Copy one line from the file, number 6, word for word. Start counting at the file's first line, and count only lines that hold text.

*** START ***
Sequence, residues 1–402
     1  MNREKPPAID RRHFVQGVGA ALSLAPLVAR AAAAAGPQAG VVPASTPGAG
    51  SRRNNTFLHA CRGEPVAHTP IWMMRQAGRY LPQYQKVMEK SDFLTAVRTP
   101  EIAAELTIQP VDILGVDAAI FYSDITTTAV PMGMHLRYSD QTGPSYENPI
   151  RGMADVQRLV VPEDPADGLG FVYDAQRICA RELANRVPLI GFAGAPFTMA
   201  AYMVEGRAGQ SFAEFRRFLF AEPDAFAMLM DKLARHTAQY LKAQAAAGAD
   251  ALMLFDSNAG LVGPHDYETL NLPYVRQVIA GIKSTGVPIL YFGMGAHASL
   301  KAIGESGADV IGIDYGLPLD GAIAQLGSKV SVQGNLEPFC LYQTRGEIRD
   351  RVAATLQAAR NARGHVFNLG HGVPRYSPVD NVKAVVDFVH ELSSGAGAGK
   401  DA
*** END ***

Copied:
   201  AYMVEGRAGQ SFAEFRRFLF AEPDAFAMLM DKLARHTAQY LKAQAAAGAD